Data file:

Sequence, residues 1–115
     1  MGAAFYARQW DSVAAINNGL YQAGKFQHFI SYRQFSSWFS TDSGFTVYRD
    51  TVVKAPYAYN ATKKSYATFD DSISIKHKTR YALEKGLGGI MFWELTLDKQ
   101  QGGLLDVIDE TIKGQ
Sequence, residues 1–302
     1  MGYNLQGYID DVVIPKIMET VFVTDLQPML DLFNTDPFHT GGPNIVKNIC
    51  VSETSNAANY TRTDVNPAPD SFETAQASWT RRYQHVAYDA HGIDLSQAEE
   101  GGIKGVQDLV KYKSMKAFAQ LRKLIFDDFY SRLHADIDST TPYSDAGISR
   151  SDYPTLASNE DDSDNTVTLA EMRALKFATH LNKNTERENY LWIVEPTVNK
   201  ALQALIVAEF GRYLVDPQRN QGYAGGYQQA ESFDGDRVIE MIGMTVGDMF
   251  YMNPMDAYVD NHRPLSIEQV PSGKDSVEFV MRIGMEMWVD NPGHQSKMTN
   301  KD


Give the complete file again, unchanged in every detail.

Sequence, residues 1–115
     1  MGAAFYARQW DSVAAINNGL YQAGKFQHFI SYRQFSSWFS TDSGFTVYRD
    51  TVVKAPYAYN ATKKSYATFD DSISIKHKTR YALEKGLGGI MFWELTLDKQ
   101  QGGLLDVIDE TIKGQ
Sequence, residues 1–302
     1  MGYNLQGYID DVVIPKIMET VFVTDLQPML DLFNTDPFHT GGPNIVKNIC
    51  VSETSNAANY TRTDVNPAPD SFETAQASWT RRYQHVAYDA HGIDLSQAEE
   101  GGIKGVQDLV KYKSMKAFAQ LRKLIFDDFY SRLHADIDST TPYSDAGISR
   151  SDYPTLASNE DDSDNTVTLA EMRALKFATH LNKNTERENY LWIVEPTVNK
   201  ALQALIVAEF GRYLVDPQRN QGYAGGYQQA ESFDGDRVIE MIGMTVGDMF
   251  YMNPMDAYVD NHRPLSIEQV PSGKDSVEFV MRIGMEMWVD NPGHQSKMTN
   301  KD